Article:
• Alfonso X "El Sabio" -- King – (1221-1284) King of Castile and Leon in the 13th century, he is also known as The Learned King. He is thought to have brought culture to the kingdom, compiling some of the music in the production of Cantigas de Santa Maria. While he advocated tolerance in his kingdom, he was not a very efficient ruler and poor administrator. Though he had no executive skills, he did want his kingdom to have a concrete, consistent set of laws that were fair to all.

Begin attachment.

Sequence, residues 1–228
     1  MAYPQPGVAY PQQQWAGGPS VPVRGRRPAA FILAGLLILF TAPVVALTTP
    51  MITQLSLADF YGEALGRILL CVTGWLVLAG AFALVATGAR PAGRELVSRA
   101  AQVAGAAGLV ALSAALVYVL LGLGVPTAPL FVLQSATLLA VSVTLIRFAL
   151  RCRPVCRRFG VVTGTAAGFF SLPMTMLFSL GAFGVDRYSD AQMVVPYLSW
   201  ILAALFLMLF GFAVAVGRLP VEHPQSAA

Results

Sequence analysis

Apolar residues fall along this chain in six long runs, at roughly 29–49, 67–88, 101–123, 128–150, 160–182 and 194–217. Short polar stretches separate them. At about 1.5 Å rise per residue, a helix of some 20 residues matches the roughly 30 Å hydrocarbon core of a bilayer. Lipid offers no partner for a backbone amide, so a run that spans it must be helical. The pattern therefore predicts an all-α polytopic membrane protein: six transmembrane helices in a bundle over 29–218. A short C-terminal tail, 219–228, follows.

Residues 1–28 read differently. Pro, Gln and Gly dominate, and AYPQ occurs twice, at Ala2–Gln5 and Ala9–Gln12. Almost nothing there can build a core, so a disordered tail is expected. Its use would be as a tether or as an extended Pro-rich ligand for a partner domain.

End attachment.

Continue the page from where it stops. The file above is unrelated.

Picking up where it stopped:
• Alvarado, Pedro de – Explorer – (ca. 1485-1541) Nicknamed the “Sun God” for his fair hair and blue eyes, he was the chief officer of Hernan Cortes during the conquest of Mexico. He was known for his bravery and military prowess. When he learned that the Mexican Indians were preparing to attack in the absence of Cortez, he launched a successful offensive. He conquered Guatemala and became Governor. He is renowned for his cruelty to all; women and children were not exempt. He fancied himself an adventurer and conqueror and attempted to follow in the footsteps of Pizarro in western South America, with the result that he returned to Guatemala empty-handed. He set out on various adventures from time to time when bored as Governor. He died in battle when his horse rolled over on him.